The last day of the conference was tinged with sadness as I reflected on the great people I’d met or heard speak. So much learning to take home with me but also relationships developed for future collaborative working.
I attended the Dementia and Acute Care session which kicked off with Michael Splaine (Policy Advisor for Alzheimer Disease International) who spoke about the all too familiar challenges faced by people living with dementia admitted into hospital and the need for ‘thoughtful hospitalisation- is this admission really necessary’?
Acute hospitals are very much in the brain care business but they just don’t know it and with the increasing numbers of people with dementia and cognitive impairment, you cannot just unit your way out through the provision of ‘acute care of the elderly’- it’s about supporting dementia to be everybody’s business.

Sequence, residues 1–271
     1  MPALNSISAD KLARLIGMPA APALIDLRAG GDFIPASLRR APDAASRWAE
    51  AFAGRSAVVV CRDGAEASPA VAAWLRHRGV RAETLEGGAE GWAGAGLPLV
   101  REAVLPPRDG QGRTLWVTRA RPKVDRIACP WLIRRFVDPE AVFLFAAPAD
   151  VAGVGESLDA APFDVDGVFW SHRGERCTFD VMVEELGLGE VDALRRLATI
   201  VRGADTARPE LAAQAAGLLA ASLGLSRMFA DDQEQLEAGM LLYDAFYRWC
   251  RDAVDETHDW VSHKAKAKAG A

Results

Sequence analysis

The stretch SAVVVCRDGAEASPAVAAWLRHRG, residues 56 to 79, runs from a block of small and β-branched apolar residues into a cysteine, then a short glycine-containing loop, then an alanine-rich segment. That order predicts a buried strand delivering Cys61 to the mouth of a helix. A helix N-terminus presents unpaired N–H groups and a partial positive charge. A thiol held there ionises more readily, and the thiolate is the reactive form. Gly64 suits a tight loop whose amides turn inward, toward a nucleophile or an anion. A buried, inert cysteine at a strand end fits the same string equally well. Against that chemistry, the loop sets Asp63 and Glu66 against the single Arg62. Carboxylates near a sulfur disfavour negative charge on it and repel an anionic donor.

Birgit Dietz an architect from Germany delivered an excellent workshop on sensual architecture for people with cognitive risks providing an excellent rationale for recommended changes.
The session concluded with Professor (and General Practitioner) Dimity Pond presenting results from a study of the discharge process and transitional care for people living with dementia and their carers. She identified the many barriers to effective discharge planning with the recognition that people with dementia are often excluded from rehabilitation support (something also flagged up by Kate Swaffer). Demand for post-discharge services also often exceeds availability of services.
This is the first time I have had the opportunity to attend an international Dementia conference and hopefully will not be my last. So many opportunities to learn about different approaches and the practical application as to how to take these forward. It was also reassuring to know though that in Scotland although there is still a way to go, we are on the right tracks.
If we remember the reasons why and for whom we are on this journey and take every opportunity to support the inclusion of people living with dementia and carers in communities including the planning and delivery of healthcare services we will get there.
‘I am no longer accepting the things I cannot change
I am changing the things I cannot accept’